The slowest write performance Usage patterns: The results reported above were mea- occurs on fresh pages, but may speed up significantly after sured by repeatedly programming the first page of a block the first few hundred writes, leading to a sizable difference with all zeroes and then immediately erasing the entire between expected and worst-case performance.

Several devices were tested by writing to all pages To address this we report three values for both write and in a block before erasing it; endurance appeared to decrease erase: Ad- last erases, mean latency for the first operations on a ditional tests were performed with varying data patterns, block, and the best-case latency as seen by the first erases but no difference in endurance was detected.

Results are shown in Figures 8 and 9, again This result is not unexpected, as we surmise that one way compared to manufacturer specifications when available. We note that true random nal program or erase steps. Given some amount of variation writes are not possible on most flash devices, as the pages between cells, it is not unexpected that changing the state 1 Some test runs for the 4 Gbit device showed anomalously of a larger number of cells would result in a higher chance of long write and erase delays; these runs are excluded, and we failure as cells wear.

We note, however, that repeated erase are investigating their cause.

tn 29 17 nand flash design and use considerations when dating

We believe a deeper understanding Environmental conditions: The processes which re- on both sides, and focused experimentation, will help design sult in flash failure are exacerbated by heat [14], although higher-performance flash-based systems in the future.

However, at [1] L. We note that one of the primary differences between our [2] P.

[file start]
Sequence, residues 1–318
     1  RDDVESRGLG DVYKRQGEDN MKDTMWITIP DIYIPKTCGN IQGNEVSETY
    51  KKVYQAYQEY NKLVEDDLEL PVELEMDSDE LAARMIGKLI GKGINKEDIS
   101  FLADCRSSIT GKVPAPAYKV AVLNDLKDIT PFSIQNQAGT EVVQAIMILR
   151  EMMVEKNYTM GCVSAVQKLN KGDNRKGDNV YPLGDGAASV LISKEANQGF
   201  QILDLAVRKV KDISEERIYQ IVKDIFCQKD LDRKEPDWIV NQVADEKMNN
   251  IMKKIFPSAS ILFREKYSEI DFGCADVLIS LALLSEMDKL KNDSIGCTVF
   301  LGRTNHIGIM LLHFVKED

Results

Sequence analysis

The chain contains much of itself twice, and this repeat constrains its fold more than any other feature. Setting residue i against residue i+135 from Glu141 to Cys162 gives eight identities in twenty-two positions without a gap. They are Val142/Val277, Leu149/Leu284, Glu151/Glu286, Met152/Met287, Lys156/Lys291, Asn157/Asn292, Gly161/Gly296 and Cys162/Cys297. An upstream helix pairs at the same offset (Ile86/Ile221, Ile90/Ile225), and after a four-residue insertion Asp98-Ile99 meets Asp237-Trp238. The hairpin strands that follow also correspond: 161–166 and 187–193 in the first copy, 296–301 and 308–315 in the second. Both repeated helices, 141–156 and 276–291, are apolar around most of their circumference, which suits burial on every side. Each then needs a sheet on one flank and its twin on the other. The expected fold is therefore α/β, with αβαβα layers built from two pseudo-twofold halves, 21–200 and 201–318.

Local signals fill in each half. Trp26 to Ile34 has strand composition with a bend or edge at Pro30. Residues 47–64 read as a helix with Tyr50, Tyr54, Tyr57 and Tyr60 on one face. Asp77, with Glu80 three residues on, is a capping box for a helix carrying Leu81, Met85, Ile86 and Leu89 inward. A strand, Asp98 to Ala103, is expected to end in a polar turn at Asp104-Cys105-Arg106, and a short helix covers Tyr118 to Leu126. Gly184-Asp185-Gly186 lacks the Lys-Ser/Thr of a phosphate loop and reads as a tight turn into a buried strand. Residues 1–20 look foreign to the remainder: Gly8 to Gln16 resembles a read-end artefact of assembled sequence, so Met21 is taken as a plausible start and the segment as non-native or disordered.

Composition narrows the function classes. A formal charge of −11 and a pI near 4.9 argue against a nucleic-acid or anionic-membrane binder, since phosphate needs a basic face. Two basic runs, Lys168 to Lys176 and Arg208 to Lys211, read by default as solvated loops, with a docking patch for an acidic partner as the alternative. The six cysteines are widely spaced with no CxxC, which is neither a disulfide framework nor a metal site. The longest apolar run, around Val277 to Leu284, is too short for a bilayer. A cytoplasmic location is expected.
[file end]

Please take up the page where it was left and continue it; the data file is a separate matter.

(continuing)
tn 29 17 nand flash design and use considerations when dating

We are curious as Systems. Many of the results of these tests were expected: Trends in high-density program with one exception and erase times were for the flash memory technologies. Data retention The high endurance values measured—often nearly characteristics of sub nm NAND flash memory times higher than specified—were highly unexpected and cells. Further investigation is needed to de- Degradation of der typical system conditions, and whether any special care tunnel oxide by FN current stress and its effects on must be taken to achieve such behavior.

Ultra-low power data storage for sensor networks. Technical Note This has obvious applications in wear leveling algorithms, TN However, it also [9] K. Striegel, and has implications for block management on flash devices; if C.

Power and performance characteristics the latency of erasures can be hidden, then repeatedly re- of USB flash drives. However, if system performance is impacted by erase [10] M. The latency, wear should be distributed as evenly as possible in effect of negative VTH of NAND flash memory cells on order to avoid high end-of-life erase latencies. How sensitive [11] M. This, in turn, changes the drain-source current that flows through the transistor for a given gate voltage, which is ultimately used to encode a binary value.